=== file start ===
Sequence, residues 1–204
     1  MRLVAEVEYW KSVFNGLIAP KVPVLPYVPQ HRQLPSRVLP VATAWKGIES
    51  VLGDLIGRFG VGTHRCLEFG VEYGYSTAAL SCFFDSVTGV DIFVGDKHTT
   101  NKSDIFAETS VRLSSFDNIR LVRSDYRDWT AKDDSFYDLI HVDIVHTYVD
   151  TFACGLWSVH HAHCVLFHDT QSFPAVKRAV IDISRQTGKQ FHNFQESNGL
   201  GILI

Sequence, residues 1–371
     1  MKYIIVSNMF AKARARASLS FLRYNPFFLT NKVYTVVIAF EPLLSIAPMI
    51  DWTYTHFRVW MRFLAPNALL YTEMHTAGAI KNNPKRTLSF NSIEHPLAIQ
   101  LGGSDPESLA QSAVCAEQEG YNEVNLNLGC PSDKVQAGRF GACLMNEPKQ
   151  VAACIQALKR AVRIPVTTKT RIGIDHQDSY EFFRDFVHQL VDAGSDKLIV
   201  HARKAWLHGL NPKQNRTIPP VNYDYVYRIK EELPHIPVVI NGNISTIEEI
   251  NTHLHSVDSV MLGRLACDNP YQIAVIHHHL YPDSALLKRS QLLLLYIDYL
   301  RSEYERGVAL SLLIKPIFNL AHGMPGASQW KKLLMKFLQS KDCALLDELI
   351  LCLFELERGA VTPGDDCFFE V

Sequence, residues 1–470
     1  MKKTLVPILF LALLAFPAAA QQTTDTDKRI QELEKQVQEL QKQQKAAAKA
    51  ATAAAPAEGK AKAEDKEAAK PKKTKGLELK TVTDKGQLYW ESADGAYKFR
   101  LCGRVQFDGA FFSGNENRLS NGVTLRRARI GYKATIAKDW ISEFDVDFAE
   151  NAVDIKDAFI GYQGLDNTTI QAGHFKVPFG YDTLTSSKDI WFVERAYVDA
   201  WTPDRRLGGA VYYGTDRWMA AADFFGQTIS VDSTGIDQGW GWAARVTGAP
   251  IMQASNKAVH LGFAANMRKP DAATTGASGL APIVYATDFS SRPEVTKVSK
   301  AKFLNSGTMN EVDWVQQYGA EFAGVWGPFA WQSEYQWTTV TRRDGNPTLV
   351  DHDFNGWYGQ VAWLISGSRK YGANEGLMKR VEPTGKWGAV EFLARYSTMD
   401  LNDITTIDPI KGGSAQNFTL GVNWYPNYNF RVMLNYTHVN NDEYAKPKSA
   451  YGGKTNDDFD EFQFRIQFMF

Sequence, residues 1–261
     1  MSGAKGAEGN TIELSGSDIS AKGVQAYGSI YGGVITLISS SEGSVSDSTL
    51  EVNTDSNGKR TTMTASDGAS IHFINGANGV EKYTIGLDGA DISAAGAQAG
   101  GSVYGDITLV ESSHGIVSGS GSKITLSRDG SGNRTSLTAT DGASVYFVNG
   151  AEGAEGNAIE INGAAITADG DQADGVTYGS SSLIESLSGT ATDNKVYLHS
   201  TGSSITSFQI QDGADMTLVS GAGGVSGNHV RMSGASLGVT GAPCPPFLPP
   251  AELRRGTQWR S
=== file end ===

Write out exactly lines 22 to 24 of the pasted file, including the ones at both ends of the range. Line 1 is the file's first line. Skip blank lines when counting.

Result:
   251  IMQASNKAVH LGFAANMRKP DAATTGASGL APIVYATDFS SRPEVTKVSK
   301  AKFLNSGTMN EVDWVQQYGA EFAGVWGPFA WQSEYQWTTV TRRDGNPTLV
   351  DHDFNGWYGQ VAWLISGSRK YGANEGLMKR VEPTGKWGAV EFLARYSTMD